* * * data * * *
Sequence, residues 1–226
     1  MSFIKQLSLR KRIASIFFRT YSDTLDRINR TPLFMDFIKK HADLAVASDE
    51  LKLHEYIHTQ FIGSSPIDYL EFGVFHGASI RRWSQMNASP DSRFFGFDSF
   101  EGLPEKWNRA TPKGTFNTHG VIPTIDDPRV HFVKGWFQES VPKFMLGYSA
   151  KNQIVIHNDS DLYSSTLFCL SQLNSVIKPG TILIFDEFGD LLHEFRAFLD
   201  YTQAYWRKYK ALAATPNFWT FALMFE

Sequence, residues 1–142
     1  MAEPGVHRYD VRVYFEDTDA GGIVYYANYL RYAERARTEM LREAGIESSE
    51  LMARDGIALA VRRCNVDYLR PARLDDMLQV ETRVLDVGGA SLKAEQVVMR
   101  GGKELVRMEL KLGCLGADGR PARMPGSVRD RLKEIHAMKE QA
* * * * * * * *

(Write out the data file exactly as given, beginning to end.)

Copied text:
Sequence, residues 1–226
     1  MSFIKQLSLR KRIASIFFRT YSDTLDRINR TPLFMDFIKK HADLAVASDE
    51  LKLHEYIHTQ FIGSSPIDYL EFGVFHGASI RRWSQMNASP DSRFFGFDSF
   101  EGLPEKWNRA TPKGTFNTHG VIPTIDDPRV HFVKGWFQES VPKFMLGYSA
   151  KNQIVIHNDS DLYSSTLFCL SQLNSVIKPG TILIFDEFGD LLHEFRAFLD
   201  YTQAYWRKYK ALAATPNFWT FALMFE

Sequence, residues 1–142
     1  MAEPGVHRYD VRVYFEDTDA GGIVYYANYL RYAERARTEM LREAGIESSE
    51  LMARDGIALA VRRCNVDYLR PARLDDMLQV ETRVLDVGGA SLKAEQVVMR
   101  GGKELVRMEL KLGCLGADGR PARMPGSVRD RLKEIHAMKE QA